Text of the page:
China pledges carbon neutrality by 2060

China hasn’t the greatest reputation when it comes to carbon emissions, but in a surprise move has pledged to cut its carbon dioxide emissions to nearly zero by 2060.

Announced at the UN General Assembly in New York, which has been held virtually, President Xi Jinping expressed the desire to be “carbon neutral” before 2060, driven in part by the global pandemic.

The task will be complex and challenging however, with the sheer size of China meaning that many regional authorities have continued to rely on coal, an energy source that will need to be almost eradicated if the pledge is to be kept. Moreover, pollution may well rise before falling back, with 2030 the predicted data, at a time when Paris is looking like an ambitious goal already.

Currently the widespread use of coal and other emissions mean that over a quarter of all global carbon emissions originate in China, if progress is made however it would place pressure on Asia and the US to reduce emissions faster,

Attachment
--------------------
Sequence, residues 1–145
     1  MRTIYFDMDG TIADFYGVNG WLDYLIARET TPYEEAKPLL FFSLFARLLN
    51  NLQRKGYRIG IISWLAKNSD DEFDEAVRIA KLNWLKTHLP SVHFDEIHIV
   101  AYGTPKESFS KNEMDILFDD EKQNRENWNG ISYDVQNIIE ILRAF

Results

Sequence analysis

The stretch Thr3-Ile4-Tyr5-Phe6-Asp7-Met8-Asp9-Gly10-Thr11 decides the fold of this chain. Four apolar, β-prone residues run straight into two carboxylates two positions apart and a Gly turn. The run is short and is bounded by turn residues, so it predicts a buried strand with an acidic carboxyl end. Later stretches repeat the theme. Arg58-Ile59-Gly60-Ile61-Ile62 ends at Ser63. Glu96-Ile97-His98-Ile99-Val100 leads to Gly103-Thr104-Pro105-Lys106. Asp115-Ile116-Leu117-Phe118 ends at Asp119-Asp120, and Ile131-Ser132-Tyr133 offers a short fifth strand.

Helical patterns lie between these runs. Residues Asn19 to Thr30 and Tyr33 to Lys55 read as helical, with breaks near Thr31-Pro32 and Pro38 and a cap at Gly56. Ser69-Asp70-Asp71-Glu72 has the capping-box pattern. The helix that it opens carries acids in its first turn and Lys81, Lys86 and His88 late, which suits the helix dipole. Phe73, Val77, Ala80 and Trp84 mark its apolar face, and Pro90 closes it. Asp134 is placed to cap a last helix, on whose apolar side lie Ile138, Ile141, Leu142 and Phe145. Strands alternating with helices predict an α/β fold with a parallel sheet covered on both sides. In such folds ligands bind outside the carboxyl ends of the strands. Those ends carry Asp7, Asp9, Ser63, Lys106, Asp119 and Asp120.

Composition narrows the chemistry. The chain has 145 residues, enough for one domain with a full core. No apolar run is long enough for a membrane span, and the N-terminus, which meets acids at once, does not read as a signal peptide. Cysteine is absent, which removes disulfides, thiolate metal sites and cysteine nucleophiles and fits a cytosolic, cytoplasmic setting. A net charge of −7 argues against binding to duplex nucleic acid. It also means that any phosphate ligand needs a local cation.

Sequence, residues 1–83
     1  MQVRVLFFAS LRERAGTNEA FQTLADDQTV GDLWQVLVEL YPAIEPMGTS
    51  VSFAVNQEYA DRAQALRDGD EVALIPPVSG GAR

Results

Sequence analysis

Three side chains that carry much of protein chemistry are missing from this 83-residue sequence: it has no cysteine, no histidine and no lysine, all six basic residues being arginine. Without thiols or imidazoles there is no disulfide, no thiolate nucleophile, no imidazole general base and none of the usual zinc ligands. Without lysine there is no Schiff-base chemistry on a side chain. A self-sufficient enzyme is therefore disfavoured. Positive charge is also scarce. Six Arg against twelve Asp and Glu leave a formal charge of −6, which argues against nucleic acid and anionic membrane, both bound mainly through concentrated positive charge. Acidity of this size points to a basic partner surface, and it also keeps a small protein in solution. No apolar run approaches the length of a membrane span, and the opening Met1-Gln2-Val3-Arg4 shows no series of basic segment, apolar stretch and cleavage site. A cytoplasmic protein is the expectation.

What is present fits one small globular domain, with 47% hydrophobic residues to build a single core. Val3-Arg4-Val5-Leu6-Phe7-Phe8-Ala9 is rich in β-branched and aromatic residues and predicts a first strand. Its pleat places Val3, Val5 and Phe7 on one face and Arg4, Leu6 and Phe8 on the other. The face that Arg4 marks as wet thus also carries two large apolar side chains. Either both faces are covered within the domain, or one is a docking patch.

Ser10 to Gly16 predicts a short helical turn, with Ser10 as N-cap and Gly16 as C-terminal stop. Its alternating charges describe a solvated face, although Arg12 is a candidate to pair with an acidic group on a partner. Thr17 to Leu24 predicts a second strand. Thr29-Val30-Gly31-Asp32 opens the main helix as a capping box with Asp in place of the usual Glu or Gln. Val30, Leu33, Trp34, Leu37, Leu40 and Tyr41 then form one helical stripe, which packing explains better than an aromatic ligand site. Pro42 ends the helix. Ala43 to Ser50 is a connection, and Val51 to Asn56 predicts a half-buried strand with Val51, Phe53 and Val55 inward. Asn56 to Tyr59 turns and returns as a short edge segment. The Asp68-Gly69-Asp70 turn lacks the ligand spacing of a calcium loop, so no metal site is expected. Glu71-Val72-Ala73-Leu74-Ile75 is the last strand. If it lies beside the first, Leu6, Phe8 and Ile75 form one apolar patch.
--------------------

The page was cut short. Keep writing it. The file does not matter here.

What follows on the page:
Li Yan, Greenpeace’s China chief representative commented: “How China’s commitment plays out on the ground is key. Will we see greater investment in low-carbon industries as part of COVID-19 economic recovery? How soon can China leave coal behind, and can the country’s renewables industry maintain its momentum? These are the follow-up questions that we need to ask. Meeting these goals requires a low-carbon transition across the entire economy, including in transport, manufacturing, agriculture and consumption, not only in the energy sector.”

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